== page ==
On July 19, 1973, the State of Ohio, believing that the environment of the project areas would be adversely affected if the projects should continue, initiated an action2 in the district court for declaratory, injunctive, and other appropriate relief. The complaint alleged that the Corps, by beginning construction of the projects without filing sufficient Environmental Impact Statements, had violated the National Environmental Policy Act (NEPA). It also alleged that the Corps had violated the Flood Control Act of 1938, 33 U.S.C. 701a, the Water Supply Act of 1958, 43 U.S.C. 390b, the Federal Water Pollution Control Act, as amended, 33 U.S.C. 1251 et seq., the Environmental Quality Improvement Act of 1970, 42 U.S.C. 4371 et seq., the Fish and Wildlife Coordination Act, 16 U.S.C. 661 et seq., and Wild and Scenic Rivers Act, 16 U.S.C. 1271 et seq.
On the same day, July 19, 1973, certain conservation groups3 and property owners whose land is unquestionably affected by the projects filed motions to intervene as plaintiffs. They sought intervention as of right pursuant to Rule 24(a) (1) of the Federal Rules of Civil Procedure and 33 U.S.C. 1365(b) (1) (B), and Rule 24(a) (2), and by permission pursuant to Rule 24(b). On August 10, the Ohio Contractors Association filed a motion to intervene, as of right or by permission, on the side of the Corps.
In the meantime, the district court on July 24, 1973, had granted a temporary restraining order enjoining further work on the projects and had 'tentatively granted' the motions to intervene filed by the property owners and by the conservation groups. The subsequent motion filed by the Contractors Association was also 'tentatively granted.'
Thereafter, the district court4 conducted a hearing to determine whether a preliminary injunction should issue against the Corps, and whether the motions to intervene should be granted. On August 24, the district court issued an opinion and order granting only part of the injunctive relief requested. The district court found that the Environmental Impact Statements filed by the Corps did not comply with the requirements of the NEPA, that the future contracts would have a substantial impact on the environment, and that the environmental damage incident to the execution of contracts awarded had already occurred but that completion of these contracts 'will not significantly damage or otherwise affect the environment . . ..' Accordingly, the court ordered the Corps to comply with Section 102 of the NEPA by submitting adequate Environmental Impact Statements; enjoined the Corps from 'executing additional contracts on either of said projects; from clearcutting trees, from removal of brush and groundcover, from stripping away and destruction of topsoil, from relocating and closing roads, and from any other construction activity which would alter the natural environment of the project area.' At the same time, however, the district court permitted the completion of specific phases of the contracts already awarded by the Corps and also permitted the Corps to continue land acquisition for the projects.
On August 31, the district court issued an order denying all motions to intervene either as of right or permissively. It found that because it had reserved judgment on the merits of Ohio's allegation that the Corps was violating the Federal Water Pollution Control Act, the Act was 'not involved at this time in this matter,' and that, accordingly, movants could not avail themselves of the unconditional right to intervene conferred by that statute. Moreover, the movants could not intervene as of right under Rule 24(a) (2) or permissively because their interests were adequately represented by existing parties. The court did, however, welcome their participation as amici curiae.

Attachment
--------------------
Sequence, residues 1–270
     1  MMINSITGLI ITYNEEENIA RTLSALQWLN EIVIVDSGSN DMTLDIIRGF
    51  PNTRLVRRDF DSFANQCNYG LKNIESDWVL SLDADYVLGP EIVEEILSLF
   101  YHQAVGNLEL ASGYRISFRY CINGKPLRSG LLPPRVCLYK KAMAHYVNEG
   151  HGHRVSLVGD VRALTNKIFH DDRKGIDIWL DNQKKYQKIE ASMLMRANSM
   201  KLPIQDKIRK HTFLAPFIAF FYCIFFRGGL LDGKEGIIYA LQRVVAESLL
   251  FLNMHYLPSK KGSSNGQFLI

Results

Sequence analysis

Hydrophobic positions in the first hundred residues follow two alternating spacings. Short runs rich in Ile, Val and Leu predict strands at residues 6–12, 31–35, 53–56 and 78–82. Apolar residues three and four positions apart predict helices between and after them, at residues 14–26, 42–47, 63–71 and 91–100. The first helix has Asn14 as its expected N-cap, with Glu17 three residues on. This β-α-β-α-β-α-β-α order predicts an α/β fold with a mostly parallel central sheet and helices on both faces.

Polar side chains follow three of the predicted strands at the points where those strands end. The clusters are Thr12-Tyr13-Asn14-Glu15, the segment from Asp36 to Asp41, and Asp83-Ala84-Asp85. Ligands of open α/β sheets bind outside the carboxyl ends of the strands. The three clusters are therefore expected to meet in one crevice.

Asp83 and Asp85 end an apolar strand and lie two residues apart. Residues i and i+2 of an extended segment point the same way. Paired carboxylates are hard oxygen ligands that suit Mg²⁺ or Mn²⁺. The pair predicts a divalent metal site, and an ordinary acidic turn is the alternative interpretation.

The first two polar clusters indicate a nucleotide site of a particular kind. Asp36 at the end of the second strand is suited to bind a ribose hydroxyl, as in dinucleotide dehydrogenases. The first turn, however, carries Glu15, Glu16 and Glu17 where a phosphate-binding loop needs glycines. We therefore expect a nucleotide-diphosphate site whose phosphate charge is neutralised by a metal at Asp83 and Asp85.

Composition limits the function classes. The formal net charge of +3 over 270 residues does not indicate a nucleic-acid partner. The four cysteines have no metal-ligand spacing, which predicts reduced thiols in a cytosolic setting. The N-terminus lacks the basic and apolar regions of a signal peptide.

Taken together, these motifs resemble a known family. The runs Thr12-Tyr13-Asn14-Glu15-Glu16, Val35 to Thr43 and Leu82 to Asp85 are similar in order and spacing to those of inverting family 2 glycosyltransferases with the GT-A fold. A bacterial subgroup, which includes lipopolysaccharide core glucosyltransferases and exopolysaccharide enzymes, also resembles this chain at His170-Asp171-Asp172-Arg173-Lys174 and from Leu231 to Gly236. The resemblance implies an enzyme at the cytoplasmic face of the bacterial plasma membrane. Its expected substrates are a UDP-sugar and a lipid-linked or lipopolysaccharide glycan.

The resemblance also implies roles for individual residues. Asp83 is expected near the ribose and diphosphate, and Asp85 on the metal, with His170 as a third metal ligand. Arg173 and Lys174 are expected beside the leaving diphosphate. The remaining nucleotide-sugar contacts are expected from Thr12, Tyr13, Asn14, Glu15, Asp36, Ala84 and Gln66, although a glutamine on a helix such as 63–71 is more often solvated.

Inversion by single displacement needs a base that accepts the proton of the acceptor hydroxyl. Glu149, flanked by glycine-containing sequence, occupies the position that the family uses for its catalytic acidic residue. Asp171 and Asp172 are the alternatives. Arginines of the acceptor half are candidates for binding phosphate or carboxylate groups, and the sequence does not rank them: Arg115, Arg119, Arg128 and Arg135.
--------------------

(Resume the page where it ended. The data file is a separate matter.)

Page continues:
After entry of the preliminary injunction, Ohio filed a Motion for Clarification and a Motion to Alter or Amend Judgment on August 27, 1973.5 Before ruling on these motions, the district court personally inspected the project sites and, on September 7, 1963, issued a Supplementary Order which identified specifically the phases of the contracts that could be performed by the Corps. On the same day, Ohio filed an appeal from the partial denial of the preliminary injunction sought.
In this appeal, Ohio contends not that the district court abused its discretion in refusing to enjoin all activities relating to the two projects, but that the district court, having determined that the Corps had not complied with the NEPA by its failure to file adequate Environmental Impact Statements, had no discretion to exercise and was therefore required to issue the injunction requested.
We hold that this contention is without merit. The NEPA has been construed not to require the immediate cessation of all work commenced before an EIS was determined to be inadequate. Environmental Defense Fund, Inc. v. Froehlke, 348 F. Supp. 338 (W.D. Mo. 1972), aff'd 477 F.2d 1033 (8th Cir. 1973). Thus, for example, this court in Environmental Defense Fund v. Tennessee Valley Authority, 468 F.2d 1164 (6th Cir. 1972), approved the issuance of a preliminary injunction that excepted road surfacing on sites already cleared and permitted the continuation of survey and mapping activities although an adequate EIS had not been filed. In Lathan v. Volpe, 455 F.2d 1111 (9th Cir. 1971), the court reversed the denial of a preliminary injunction in a highway construction project for which an adequate EIS had not been filed but permitted land acquisition to continue in hardship cases. Finally, in Environmental Defense Fund Inc. v. Froehlke, supra, the court of appeals affirmed a preliminary injunction that permitted certain phases of the construction of a reservoir project to continue while an EIS was being prepared. See also Environmental Defense Fund, Inc. v. Armstrong, 352 F. Supp. 50 (N.D. Cal. 1972), supplemental environmental statement upheld 356 F. Supp. 131, aff'd 487 F.2d 814 (9th Cir. 1973), Committee for Nuclear Responsibility, Inc. v. Seaborg, 149 U.S.App.D.C. 393, 463 F.2d 796 (1971), Cape Henry Bird Club v. Laird, 359 F. Supp. 404 (W.D. Va.), aff'd 484 F.2d 453 (4th Cir. 1973), Lee v. Resor, 348 F. Supp. 389 (M.D. Fla .1972).